Thanks. Can we talk with Pavan, and then Steve Heims?
Yes I’d be very interested in such collective movement experiments. But then it is urgent that we really prep our own measurement methods and team (Garrett?, ___ ? assisted by Julian).
As you know, I would want to measure correlations not (only) in the brain but across much more of the event.
It is far more direct (scientifically rigorous) to measure as much of the global aspects of collective movement than to zero in on only one part of the body and in fact a part whose functions are extremely indirectly related to corporal kinetics, and in ways that are quite ill understood .
That’s why I’ve asked Julian and our students to build out the rhythm kit to use all modalities of sensing intervallic rhythm.
and as an aside:
Can we talk with Pavan, and then with Steve?
On Dec 4, 2015, at 12:41 PM, Todd Ingalls <TestCase@asu.edu> wrote:could this be tied to rhythm. I think we are both skeptical of brain imaging but could still be interesting.
todd from my phone
Begin forwarded message:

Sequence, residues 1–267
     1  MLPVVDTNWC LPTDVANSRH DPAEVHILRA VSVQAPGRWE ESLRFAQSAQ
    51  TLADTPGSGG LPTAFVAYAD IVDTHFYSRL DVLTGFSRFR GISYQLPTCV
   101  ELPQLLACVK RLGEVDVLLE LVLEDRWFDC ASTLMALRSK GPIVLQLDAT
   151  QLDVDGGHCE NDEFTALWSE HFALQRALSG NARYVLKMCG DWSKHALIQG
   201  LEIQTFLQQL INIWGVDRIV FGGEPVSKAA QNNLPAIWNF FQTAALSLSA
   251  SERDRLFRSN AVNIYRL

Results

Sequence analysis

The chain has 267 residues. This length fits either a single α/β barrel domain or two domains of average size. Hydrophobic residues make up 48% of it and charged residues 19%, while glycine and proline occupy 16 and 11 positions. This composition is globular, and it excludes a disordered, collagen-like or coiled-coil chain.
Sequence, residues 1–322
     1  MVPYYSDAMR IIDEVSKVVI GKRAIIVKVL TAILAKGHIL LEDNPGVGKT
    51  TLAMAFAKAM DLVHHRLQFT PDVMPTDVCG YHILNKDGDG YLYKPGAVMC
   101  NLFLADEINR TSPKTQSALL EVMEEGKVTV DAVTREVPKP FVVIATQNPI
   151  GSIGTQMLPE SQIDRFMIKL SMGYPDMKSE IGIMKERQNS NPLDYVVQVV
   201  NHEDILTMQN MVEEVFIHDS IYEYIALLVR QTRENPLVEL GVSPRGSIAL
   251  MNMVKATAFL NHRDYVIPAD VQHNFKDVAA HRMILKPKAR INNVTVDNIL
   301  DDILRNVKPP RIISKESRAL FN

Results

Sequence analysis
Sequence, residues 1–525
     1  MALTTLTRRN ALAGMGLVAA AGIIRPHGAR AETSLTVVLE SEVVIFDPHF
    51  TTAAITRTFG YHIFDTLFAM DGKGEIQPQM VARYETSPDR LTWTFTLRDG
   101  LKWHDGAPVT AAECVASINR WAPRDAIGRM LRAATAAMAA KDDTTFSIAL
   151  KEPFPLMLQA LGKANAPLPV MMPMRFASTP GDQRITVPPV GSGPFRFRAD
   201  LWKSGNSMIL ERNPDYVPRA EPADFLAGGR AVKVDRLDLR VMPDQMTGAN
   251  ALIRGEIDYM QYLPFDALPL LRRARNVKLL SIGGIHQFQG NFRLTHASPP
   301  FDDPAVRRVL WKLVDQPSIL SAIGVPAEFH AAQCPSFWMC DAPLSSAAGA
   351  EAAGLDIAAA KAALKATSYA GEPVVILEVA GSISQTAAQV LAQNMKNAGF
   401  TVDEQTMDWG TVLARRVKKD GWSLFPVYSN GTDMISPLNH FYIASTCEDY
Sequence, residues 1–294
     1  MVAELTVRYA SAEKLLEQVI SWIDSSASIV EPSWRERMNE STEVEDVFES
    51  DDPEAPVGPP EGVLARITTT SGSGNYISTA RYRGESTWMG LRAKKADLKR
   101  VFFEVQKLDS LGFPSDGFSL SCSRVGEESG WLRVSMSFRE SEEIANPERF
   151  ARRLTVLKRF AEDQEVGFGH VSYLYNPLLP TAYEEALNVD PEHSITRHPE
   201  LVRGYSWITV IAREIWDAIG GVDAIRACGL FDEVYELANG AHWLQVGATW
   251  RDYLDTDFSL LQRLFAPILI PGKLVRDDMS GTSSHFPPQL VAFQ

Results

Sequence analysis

Hey Todd,Hope you’re good.I have been working and thinking about a couple of issues a lot lately in group neuroscience .. the two key topics are joint action and entrainment. Joint action is just multiple actors working together to accomplish some task … like two people carrying a table together, or a couple of soccer players moving the ball down the field. These are interesting problems because they require the actors to have some sense of what their partners are trying to accomplish and how they are going about that. Entrainment is an entirely hypothesized process in which two brains come into “synchrony” in order to communicate .. this is thought to be important in language, but obviously is also important in music performance.Entrainment, however, is pretty loosely defined at the moment … we have an idea for getting at entrainment using musicians. The notion is to get an ensemble together, a good ensemble … and record simultaneous EEGs from the players as they work a piece.To some extent this has been done before: with saxophones (ugh!) The focus of that paper was on EEG markers of empathy (even more ugh), and the usual expected changes in EEG associated with listening to and motor outputs for music.What I’d like to do is do real analysis across multiple brains during performance, and see if we can see electrical signs of entrainment as they are working. In a dream world, as the ensemble locks into “togetherness” … the brains will entrain. Or vice versa.Anyway, to go after this we will need to synch up multiple EEGs, and more importantly, find a good ensemble that might be up for this.I thought of AME, and wondered if there would be somebody there interested in devoting a little bit of time and nominal resources to chasing this down.In any case, have good holidays,STeve